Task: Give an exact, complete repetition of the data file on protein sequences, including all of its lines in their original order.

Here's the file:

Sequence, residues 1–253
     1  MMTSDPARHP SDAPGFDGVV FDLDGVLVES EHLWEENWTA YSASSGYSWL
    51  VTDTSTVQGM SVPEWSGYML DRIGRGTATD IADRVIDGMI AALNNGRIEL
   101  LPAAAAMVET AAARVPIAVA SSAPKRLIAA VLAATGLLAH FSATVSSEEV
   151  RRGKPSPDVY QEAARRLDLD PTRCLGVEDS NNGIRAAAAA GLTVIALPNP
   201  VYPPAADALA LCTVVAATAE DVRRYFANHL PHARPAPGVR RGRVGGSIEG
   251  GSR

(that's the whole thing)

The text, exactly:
Sequence, residues 1–253
     1  MMTSDPARHP SDAPGFDGVV FDLDGVLVES EHLWEENWTA YSASSGYSWL
    51  VTDTSTVQGM SVPEWSGYML DRIGRGTATD IADRVIDGMI AALNNGRIEL
   101  LPAAAAMVET AAARVPIAVA SSAPKRLIAA VLAATGLLAH FSATVSSEEV
   151  RRGKPSPDVY QEAARRLDLD PTRCLGVEDS NNGIRAAAAA GLTVIALPNP
   201  VYPPAADALA LCTVVAATAE DVRRYFANHL PHARPAPGVR RGRVGGSIEG
   251  GSR